The global economy of the 21st century is characterized by complex and dynamic changes on the economic front. Many European, American and Asian countries are currently undergoing economic transformation, from low to national economies. When we look into the development of countries over the centuries, we can see that diversification of economies has always taken place, and the pace of development has varied. Developing countries that achieve positive economic growth contribute to strengthening the global market for goods and services. The group of these fast-growing markets is referred to as emerging markets (economies), i.e. emerging markets. These markets in the current economic situation are the best idea for long-term investments.
Emerging markets – table of contents:
- Characteristics of emerging markets
- Problems of emerging markets
- Potential of emerging markets
Characteristics of emerging markets
The term emerging markets was defined in the 1980s by World Bank economist Antoine Van Agtmael. According to the World Bank, emerging economies have two factors in common: gross national product per capita formed at a medium level and an underdeveloped capital market. Emerging markets are located between developing and developed markets. However, this division is quite conventional and the line between categories is thin.
Generalizing, we can say that emerging economies include countries that are no longer defined as, “third world countries”, but do not yet pretend to be in the group of developed ones. What emerging markets countries have in common is a rapid pace of development and GDP growth above 5%.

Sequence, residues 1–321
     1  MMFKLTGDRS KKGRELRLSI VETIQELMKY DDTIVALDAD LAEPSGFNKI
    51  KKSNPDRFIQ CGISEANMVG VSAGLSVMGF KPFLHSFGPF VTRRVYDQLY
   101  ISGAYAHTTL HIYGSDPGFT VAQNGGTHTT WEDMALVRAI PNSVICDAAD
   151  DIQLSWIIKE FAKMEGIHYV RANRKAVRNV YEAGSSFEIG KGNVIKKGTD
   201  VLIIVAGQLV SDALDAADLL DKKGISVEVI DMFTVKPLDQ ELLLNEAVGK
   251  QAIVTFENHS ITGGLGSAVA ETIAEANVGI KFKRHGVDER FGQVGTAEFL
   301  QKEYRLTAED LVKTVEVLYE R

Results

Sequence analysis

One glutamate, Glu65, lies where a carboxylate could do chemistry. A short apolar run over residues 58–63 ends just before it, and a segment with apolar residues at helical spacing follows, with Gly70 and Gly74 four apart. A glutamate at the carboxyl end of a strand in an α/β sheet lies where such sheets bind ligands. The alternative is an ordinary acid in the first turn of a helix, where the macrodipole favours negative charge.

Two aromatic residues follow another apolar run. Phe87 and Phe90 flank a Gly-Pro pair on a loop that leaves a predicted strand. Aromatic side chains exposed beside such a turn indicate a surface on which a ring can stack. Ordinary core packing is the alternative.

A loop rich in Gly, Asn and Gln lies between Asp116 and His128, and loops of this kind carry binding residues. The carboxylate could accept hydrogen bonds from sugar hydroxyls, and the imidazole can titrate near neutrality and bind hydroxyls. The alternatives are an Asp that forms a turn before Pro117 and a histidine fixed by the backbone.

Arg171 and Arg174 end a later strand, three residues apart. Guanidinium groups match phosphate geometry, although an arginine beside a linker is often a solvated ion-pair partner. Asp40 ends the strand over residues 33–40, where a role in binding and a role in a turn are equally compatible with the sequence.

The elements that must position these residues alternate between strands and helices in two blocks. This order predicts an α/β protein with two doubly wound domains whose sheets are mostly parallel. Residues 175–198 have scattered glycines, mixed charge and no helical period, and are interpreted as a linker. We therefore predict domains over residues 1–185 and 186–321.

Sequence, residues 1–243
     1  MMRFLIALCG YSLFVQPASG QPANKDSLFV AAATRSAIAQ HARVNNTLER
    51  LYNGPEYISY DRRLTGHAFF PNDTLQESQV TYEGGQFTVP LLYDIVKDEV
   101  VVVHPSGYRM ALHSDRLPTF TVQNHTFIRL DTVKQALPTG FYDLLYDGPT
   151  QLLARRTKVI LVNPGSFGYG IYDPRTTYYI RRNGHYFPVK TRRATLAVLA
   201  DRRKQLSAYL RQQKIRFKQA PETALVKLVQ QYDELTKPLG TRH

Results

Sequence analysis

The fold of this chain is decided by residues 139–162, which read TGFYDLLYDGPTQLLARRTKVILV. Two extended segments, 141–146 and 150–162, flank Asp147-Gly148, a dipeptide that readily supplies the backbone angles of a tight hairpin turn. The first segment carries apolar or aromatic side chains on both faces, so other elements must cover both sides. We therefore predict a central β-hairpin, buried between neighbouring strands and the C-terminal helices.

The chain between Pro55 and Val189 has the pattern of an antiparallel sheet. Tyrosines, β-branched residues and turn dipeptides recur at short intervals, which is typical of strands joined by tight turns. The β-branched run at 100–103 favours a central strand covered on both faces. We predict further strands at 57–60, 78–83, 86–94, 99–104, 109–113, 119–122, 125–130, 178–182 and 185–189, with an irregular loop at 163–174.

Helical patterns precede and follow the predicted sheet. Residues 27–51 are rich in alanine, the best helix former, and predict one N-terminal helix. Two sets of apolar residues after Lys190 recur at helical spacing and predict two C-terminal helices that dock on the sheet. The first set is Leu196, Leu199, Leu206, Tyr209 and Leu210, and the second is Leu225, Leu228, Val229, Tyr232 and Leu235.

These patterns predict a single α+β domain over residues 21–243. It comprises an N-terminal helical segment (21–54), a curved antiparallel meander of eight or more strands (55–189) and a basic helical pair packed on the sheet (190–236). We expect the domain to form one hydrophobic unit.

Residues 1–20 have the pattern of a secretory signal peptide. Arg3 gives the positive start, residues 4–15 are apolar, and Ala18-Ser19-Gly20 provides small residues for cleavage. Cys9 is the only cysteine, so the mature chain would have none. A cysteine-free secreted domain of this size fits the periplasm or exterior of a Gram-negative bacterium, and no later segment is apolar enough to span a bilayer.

By analyzing the above summary, we can conclude that emerging markets are a large and highly diverse group of countries in terms of financial and macroeconomic health. Moreover, some of them are currently undergoing political turmoil and severe economic crises. However, emerging markets are a good investment vehicle, as they offer the potential for significant returns as a result of faster economic growth than in other developing countries.
Problems of emerging markets
Emerging markets face various problems, mainly in the social sphere. These problems are related to insufficient food and water, lack of housing and jobs, inadequate medical care and an underdeveloped education system. Some of these problems have been included in theories of economic growth and development:
- The vicious circle of poverty – an underdeveloped country, due to its low level of savings, is unable to invest and thus crosses the barriers to development.
- Dependency theory – the underdevelopment of developing countries is the result of their economic and economic dependence on highly developed countries.
- Impoverishing growth theory – export-oriented growth in poorer countries would worsen their terms of trade so much that they would be worse off than if they had not grown at all.
- Prebisch’s theory – there is a steady deterioration in the price relationships of minerals and agricultural commodities relative to the prices of industrial goods over the long term.
Another negative aspect is that emerging markets are often politically unstable with a socio-economic situation that can change rapidly. In addition, they are vulnerable to any unrest or attacks. In 2019, when Indian troops attacked a terrorist camp inside Pakistan, the Mumbai stock market crashed momentarily and stocks fell nearly 10%, only to make up half of those losses a day later. Even a small outbreak of panic can ignite a long-term crisis or, “calm down” after just a few days.